• Popular with pontoon owners
  • Hybrid concept uses flukes / claws
  • M​aximizes surface area contact with the bottom
  • Square shape and flukes allow it to dig in
  • Hinges and shank design allow it to fold up and release for retrieval
  • Folds relatively flat for storage

Cons:

  • Sharp and pointy edges can also be a threat to some boat surfaces
  • For more weight, they require more size / surface area
  • Cookie cutter design doesn’t dig in as well on bottoms of rock, packed shell, and other hard bottoms

Notable Variations:

  • Size
  • Quality of materials / manufacturing

8. Danforth Anchors / Fluke Anchors

Pros:

  • Regarded as a good all-around anchor
  • Style can be a good fit for a wide variety of boats
  • Often a solid choice as a primary anchor or a back-up anchor
  • Relatively lightweight
  • Relies greatly on its design to work
  • Excels at digging in

Cons:

  • Pointed flukes can hold too well on stumps, wrecks, and reefs
  • Sharp and pointy edges can also be a threat to some boat surfaces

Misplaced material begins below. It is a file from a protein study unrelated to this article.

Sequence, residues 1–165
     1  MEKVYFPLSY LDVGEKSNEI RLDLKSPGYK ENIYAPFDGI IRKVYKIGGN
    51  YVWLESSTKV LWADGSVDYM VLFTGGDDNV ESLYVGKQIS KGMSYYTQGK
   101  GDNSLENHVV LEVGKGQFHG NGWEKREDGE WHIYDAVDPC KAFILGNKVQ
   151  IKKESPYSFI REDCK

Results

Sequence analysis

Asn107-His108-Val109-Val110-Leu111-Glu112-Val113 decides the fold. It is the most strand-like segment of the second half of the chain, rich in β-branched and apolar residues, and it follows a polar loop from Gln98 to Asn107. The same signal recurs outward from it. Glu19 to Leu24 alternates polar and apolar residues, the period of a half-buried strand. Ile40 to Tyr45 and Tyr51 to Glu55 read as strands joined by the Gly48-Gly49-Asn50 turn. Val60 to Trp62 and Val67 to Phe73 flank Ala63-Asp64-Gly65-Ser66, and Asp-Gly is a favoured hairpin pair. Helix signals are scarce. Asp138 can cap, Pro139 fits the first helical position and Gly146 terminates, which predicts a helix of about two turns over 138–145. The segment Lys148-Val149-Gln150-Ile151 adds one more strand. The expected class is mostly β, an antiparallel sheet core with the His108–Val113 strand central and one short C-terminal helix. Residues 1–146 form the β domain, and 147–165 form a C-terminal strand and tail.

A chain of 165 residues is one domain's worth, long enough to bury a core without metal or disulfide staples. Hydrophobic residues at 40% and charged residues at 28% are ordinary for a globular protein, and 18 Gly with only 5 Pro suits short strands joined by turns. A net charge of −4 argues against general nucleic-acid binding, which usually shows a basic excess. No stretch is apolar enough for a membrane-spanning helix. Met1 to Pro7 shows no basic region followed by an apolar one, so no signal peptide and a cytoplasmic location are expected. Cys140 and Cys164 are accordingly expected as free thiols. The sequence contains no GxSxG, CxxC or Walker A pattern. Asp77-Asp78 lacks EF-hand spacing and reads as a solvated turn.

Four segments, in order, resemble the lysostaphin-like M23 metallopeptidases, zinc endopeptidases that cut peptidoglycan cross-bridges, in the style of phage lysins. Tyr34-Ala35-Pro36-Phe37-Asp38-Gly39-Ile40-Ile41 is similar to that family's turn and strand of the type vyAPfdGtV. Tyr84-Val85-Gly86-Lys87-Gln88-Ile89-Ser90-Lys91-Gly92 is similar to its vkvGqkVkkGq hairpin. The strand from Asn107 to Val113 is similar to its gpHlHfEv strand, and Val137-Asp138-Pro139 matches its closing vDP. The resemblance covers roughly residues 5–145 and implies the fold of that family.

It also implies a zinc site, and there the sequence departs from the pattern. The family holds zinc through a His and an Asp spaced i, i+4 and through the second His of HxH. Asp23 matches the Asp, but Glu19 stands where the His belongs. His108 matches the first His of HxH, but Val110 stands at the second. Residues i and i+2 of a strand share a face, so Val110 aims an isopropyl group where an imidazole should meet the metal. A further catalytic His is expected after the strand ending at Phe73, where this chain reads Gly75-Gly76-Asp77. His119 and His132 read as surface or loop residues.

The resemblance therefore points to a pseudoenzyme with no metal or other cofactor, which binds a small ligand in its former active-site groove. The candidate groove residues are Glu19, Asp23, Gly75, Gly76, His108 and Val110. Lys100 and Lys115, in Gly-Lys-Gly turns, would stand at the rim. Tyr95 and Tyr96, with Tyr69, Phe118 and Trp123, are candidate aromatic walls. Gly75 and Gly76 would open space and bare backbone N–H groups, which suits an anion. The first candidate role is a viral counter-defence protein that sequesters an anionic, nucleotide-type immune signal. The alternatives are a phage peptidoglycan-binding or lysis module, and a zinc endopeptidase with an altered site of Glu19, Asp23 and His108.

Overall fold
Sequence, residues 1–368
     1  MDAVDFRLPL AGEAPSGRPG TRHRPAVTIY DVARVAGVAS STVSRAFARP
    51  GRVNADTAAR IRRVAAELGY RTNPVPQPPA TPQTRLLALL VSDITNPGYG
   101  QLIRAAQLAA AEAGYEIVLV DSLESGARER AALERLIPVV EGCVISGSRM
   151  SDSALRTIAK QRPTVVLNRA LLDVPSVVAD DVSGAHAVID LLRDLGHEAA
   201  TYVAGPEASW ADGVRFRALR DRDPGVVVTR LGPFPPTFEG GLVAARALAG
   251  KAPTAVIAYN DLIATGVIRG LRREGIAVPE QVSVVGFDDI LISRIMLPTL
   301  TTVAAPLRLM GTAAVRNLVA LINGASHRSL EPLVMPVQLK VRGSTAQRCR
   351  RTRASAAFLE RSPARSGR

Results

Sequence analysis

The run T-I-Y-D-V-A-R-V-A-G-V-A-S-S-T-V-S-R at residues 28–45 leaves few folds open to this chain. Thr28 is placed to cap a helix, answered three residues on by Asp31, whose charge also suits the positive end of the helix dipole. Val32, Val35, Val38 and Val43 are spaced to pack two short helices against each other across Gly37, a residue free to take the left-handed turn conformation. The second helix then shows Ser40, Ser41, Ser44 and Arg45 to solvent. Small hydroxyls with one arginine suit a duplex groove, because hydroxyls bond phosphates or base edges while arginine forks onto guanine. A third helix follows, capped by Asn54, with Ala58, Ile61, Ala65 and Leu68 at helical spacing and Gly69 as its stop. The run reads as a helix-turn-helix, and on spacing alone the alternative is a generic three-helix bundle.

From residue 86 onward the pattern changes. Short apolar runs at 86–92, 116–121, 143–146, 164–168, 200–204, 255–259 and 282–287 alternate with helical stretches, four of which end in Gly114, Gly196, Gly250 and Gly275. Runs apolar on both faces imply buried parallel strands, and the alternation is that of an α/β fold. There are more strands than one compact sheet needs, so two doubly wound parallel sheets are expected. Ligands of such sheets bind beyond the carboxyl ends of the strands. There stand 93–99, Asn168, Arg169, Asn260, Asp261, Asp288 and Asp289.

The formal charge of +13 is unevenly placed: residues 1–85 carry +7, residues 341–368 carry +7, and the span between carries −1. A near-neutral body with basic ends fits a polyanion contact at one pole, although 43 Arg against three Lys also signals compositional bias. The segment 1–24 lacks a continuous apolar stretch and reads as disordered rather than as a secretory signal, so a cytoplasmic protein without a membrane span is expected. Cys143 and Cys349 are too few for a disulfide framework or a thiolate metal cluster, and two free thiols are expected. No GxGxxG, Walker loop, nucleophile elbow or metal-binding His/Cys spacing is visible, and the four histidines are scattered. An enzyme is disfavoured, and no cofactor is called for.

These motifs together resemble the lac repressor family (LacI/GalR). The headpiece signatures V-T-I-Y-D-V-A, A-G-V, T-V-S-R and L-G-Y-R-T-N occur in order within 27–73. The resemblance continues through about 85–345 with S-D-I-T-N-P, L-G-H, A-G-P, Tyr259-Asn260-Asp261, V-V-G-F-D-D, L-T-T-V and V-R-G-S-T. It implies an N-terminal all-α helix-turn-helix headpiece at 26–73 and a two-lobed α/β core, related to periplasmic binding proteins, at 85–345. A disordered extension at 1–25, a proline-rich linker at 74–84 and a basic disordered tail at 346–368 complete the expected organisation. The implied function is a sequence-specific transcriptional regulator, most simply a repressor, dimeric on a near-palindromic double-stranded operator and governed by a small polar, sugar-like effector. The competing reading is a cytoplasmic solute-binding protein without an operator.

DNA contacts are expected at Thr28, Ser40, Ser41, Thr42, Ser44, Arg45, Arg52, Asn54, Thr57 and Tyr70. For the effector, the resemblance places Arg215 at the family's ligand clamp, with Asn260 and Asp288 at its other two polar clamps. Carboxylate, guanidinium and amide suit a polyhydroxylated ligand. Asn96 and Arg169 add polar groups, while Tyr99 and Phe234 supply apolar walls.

• For more weight, they require more size / surface area
  • On bottoms of rock, packed shell, and other hard bottoms, they tend to skip along without digging in
  • Cheaper versions may be more prone to breaking and poor performance

Notable Variations:


9. Claw Anchors / Bruce Anchors

Pros:

  • Good holding power for its size
  • Sets like a plow, but curved flukes help it to right itself
  • Works great on rocks, coral, and jagged bottoms
  • Tends to stay secure when push and pull change
  • Claw design allows anchor to turn in a circle without breaking out
  • Exceptional in windy conditions, where the boat is being pushed in various directions
  • Usually the top choice for big, open bodies of water
  • Smaller kayak versions available

Cons:

  • Weakest in sand, silt, and mud
  • Can struggle to keep hold on clay bottoms and grassy bottoms
  • Entangled vegetation makes retrieval more difficult
  • Shape and size requires more storage space

Notable Variations:

  • Hybrid versions that incorporate a spade-like claw
  • Inclusion of a roll bar